This preliminary study has several limitations. First, the number of 812 cases is relatively small to represent the surgical trend in Korea, even if it was not a small cohort. However, it could be significant data as they were from various institutions. Second, as mentioned, the anastomosis methods are very heterogeneous among institutions. However, it will be thoroughly controlled by the study protocol in a subsequent prospective RCT (KLASS-07), from which more reasonable results could be obtained for TLDG and LADG. Consequently, gastroduodenostomy was finally excluded from KLASS-07 trial protocol due to selection deviation between two groups. Third, there were 107 missing values among the 812 patients in the analysis of postoperative complications. Moreover, the collected complication data were not classified according to severity grade, such as Clavien-Dindo classification. However, the overall complication rate in this study was around 10%, and we believe that this could be an acceptable result comparing other studies. Because the surgical technique and postoperative management have been shared among surgeons within the surgical society, the morbidity rate of missed values would not show a big difference in the collected data.
This is a preliminary study conducted before starting the KLASS-07 trial and our data shows there were no significant differences in postoperative results between LADG and TLDG. Many surgeons still perform the laparoscopic gastrectomy using various techniques according to their own policy because there is no strong consensus statement related to LADG and TLDG. Although this study can hardly represent the surgical trend of Korean gastric surgeons, it might be a meaningful reference for a multicenter trial.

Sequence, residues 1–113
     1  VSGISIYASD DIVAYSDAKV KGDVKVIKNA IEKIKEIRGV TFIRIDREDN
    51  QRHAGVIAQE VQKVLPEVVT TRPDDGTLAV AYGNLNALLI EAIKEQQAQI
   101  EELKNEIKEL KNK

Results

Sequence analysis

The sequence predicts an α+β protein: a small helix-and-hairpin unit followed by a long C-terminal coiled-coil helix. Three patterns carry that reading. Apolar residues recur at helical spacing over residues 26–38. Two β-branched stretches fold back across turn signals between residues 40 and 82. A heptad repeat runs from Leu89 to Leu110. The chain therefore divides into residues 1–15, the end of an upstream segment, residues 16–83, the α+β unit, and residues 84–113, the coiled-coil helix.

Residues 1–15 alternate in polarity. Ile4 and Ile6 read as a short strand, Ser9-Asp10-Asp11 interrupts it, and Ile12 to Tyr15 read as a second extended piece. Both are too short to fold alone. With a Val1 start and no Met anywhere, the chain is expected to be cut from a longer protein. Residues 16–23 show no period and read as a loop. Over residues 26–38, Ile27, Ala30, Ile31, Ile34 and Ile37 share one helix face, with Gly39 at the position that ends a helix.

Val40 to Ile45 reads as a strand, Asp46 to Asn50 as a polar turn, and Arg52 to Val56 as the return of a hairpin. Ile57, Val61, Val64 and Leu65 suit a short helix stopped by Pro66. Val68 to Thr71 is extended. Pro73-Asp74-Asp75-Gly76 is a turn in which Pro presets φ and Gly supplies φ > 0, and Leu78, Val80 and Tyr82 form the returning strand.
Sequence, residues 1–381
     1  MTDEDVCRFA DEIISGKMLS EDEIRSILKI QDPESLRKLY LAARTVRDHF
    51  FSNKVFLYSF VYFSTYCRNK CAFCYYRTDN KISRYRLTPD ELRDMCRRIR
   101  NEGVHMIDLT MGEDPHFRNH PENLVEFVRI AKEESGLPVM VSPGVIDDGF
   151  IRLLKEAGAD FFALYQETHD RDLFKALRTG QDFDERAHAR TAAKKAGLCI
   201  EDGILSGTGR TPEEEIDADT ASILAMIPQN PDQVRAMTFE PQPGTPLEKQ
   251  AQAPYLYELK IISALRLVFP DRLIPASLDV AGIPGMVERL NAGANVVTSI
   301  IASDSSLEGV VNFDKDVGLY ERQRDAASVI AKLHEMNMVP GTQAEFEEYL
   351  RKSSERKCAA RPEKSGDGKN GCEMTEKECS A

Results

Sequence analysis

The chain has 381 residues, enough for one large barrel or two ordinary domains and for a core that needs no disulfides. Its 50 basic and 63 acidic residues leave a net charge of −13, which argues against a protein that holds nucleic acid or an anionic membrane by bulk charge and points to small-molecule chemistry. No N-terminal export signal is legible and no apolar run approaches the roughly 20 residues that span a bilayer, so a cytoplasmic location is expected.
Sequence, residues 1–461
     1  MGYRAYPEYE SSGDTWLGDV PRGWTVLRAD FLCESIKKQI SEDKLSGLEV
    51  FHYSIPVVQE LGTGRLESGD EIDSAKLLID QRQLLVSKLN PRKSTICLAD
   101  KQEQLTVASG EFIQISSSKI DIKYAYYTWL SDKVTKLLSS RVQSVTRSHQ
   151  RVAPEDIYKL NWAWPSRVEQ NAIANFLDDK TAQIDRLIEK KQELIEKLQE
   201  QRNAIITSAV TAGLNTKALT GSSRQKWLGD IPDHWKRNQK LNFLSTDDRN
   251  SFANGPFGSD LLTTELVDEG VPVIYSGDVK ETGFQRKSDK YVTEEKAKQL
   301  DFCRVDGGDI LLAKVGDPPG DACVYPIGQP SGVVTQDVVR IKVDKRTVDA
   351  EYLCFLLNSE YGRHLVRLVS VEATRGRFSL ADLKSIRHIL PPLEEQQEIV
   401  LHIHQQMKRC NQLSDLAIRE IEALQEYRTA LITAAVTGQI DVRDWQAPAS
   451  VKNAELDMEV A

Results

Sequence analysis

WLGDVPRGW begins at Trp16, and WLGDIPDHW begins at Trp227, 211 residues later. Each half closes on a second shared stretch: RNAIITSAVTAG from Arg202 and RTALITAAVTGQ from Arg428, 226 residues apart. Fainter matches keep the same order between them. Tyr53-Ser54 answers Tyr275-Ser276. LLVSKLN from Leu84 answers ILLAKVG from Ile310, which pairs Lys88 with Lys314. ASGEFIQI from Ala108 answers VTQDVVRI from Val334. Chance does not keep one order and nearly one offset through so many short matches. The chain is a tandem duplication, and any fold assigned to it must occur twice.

Data Availability Statement
The datasets generated for this study are available on request to the corresponding author.
CC performed the statistical analysis, prepared the manuscript, and drafted this manuscript. SP supervised and organized the study. CL, JP, YJ, HL, and OJ contributed to manuscript modification. All authors contributed to data acquisition and read and approved the final manuscript.
This work was supported by the year 2018 clinical research grant from Pusan National University Hospital. This work was supported by a research grant from Medtronic.
Conflict of Interest
The authors declare that the research was conducted in the absence of any commercial or financial relationships that could be construed as a potential conflict of interest.
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Keywords: gastric cancer, gastrectomy, laparoscopic surgery, baseline survey, multicenter study
Citation: Choi CI, Lee CM, Park JH, Jee YS, Lee HH, Jeong O and Park S (2019) Recent Status of Laparoscopic Distal Gastrectomy in Korea: A Multicenter Retrospective Cohort Study (Pre-study Survey of KLASS-07 Trial). Front. Oncol. 9:982. doi: 10.3389/fonc.2019.00982
Received: 14 April 2019; Accepted: 16 September 2019;
Published: 03 October 2019.
Edited by:Orhan Alimoglu, Istanbul Medeniyet University Goztepe Education and Research Hospital, Turkey
Reviewed by:Qi-Yue Chen, Fujian Medical University, China
Sang Uk Han, Ajou University, South Korea
Copyright © 2019 Choi, Lee, Park, Jee, Lee, Jeong and Park. This is an open-access article distributed under the terms of the Creative Commons Attribution License (CC BY). The use, distribution or reproduction in other forums is permitted, provided the original author(s) and the copyright owner(s) are credited and that the original publication in this journal is cited, in accordance with accepted academic practice. No use, distribution or reproduction is permitted which does not comply with these terms.
*Correspondence: Sungsoo Park, firstname.lastname@example.org